On Sunday, Gavin Roberts turned 12, and instead of requesting video games or a smartphone, he had just one big item on his birthday wish list. "I kept asking him what he wanted," mom Alice Roberts tells NBC New York. "He was always saying it's the vaccine, we're going to get that." And that's exactly what the New Jersey boy received, in Pfizer version, as soon as he reached the age of eligibility over the weekend, in honor of his dad, Charles "Rob" Roberts, who died of COVID in May 2020 at the age of 45, per NBC News.
In an op-ed for NJ.com, Roberts writes that her husband, a Glen Ridge police officer, caught COVID while at work. "He collapsed in our house when his heart stopped," she notes of that day in April 2020. "The kids and I heard the thud." Charles Roberts—who was in good health and took the virus "very seriously," his wife tells NBC—was hospitalized for three weeks. He died on May 11, 2020, after suffering severe oxygen loss to the brain and his family took him off life support, per the Washington Post.
Alice Roberts, an elementary school teacher, notes that, at the time of her husband's illness, there wasn't yet a vaccine and tests were hard to find. As soon as she and Gavin's older sisters were eligible—the FDA approved the vaccine for kids 12 and over in May—they got vaccinated, but Gavin remained out of the vaccine loop. Roberts says she kept him away from sleepovers and traveling with his hockey team, and that through it all, a "wise beyond his 11 years" Gavin handled it like a champ.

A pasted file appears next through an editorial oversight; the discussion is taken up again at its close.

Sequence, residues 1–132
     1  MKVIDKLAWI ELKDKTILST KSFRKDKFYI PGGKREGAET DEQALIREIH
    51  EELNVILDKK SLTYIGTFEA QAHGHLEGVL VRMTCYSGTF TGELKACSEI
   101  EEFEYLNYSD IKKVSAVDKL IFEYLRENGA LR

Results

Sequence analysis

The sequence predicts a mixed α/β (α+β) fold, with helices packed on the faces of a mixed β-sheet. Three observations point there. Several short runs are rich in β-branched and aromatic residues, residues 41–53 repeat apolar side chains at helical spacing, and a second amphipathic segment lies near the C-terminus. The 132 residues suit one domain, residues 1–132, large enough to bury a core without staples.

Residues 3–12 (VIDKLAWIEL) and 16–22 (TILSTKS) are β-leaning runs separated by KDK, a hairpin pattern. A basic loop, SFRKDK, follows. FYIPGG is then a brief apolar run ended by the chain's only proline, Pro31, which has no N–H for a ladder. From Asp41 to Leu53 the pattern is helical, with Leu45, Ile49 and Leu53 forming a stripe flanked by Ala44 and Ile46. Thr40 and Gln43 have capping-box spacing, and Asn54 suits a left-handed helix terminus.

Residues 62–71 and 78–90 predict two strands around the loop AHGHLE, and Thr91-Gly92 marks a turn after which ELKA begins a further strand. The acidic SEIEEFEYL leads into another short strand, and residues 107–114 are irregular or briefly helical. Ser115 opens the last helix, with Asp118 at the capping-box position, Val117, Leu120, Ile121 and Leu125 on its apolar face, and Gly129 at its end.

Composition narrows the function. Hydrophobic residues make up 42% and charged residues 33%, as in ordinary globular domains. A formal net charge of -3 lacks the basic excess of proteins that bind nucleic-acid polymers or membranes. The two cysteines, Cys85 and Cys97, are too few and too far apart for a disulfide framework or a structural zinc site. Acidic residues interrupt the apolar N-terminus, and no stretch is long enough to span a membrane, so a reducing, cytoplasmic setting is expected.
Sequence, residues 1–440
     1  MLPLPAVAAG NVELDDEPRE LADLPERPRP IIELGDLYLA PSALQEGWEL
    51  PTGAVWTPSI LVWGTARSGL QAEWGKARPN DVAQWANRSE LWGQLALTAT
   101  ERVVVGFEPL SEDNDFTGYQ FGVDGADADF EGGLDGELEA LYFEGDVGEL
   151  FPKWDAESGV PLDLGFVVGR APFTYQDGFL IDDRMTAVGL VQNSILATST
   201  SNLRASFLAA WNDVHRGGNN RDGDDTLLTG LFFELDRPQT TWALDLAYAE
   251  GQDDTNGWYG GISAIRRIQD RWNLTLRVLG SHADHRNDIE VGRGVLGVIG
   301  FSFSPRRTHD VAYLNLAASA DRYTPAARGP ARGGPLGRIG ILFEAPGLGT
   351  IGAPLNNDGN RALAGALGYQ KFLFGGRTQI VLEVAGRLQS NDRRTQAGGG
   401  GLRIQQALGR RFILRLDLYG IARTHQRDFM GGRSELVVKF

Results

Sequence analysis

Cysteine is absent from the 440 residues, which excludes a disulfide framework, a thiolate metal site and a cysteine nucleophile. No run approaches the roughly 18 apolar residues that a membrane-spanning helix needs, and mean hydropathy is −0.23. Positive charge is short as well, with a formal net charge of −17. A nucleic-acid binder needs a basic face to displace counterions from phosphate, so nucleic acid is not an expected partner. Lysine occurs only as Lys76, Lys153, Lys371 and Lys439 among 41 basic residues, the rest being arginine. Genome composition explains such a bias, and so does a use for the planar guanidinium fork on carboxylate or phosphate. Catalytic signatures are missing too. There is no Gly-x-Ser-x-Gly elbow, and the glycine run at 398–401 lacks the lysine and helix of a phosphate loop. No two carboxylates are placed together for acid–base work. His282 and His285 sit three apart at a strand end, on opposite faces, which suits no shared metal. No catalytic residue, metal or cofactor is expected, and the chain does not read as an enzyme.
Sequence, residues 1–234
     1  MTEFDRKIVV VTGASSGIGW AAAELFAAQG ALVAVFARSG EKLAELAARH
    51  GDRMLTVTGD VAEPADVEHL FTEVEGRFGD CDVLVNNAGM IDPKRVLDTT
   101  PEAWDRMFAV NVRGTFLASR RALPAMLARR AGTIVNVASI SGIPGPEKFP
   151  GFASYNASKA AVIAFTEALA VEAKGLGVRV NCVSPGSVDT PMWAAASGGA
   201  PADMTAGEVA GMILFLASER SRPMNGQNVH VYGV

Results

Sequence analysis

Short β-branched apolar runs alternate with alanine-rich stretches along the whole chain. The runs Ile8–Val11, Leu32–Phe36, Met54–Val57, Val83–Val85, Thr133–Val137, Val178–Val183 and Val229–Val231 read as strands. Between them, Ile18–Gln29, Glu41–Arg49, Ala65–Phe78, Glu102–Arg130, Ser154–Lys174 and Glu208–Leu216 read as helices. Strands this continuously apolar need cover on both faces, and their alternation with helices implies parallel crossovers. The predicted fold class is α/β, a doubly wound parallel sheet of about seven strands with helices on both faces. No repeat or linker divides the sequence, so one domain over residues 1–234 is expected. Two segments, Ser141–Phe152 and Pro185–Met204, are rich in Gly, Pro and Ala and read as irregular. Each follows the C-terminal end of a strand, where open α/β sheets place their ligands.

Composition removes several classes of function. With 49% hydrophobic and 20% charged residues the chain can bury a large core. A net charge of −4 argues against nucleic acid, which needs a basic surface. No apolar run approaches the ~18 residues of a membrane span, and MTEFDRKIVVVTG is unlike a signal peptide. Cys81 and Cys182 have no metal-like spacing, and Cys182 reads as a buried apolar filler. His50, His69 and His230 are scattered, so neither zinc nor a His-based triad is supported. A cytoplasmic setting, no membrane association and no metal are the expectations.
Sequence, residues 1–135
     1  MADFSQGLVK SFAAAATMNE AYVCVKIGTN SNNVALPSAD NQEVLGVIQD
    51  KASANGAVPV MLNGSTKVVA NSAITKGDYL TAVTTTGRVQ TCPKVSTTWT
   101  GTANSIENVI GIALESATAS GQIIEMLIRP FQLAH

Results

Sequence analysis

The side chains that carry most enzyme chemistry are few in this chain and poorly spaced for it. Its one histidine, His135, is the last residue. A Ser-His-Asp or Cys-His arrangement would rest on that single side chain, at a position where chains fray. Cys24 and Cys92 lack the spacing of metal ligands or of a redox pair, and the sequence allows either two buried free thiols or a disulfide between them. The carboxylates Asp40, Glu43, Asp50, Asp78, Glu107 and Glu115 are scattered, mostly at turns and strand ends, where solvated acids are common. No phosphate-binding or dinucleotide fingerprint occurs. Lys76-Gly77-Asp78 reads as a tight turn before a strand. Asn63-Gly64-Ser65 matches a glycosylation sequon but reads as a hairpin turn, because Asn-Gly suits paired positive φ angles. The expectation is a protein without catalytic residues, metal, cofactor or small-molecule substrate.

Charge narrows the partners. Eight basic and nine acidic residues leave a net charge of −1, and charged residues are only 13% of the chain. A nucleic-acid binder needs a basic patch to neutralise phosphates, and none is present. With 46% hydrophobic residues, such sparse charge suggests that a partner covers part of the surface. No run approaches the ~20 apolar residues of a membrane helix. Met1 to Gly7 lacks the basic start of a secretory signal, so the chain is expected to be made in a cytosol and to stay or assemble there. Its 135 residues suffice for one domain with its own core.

Asked how he felt after getting his first shot on Sunday, Gavin replied: "Relieved," adding to WABC that "I wasn't scared one bit." He remembers his dad as "kind of like my best friend," and his mom hopes their story will inspire others to get vaccinated. "If a child can see with clarity ... that health is more important than anything material, then I don't understand what’s holding people up," she tells the Post. Gavin's family threw him a mini-celebration in which they dined outside on chicken wings and bestowed him with candy, baseball gear, and a bike, but "safety, Gavin said, was still the greatest gift," per the Post. (Read more coronavirus vaccine stories.)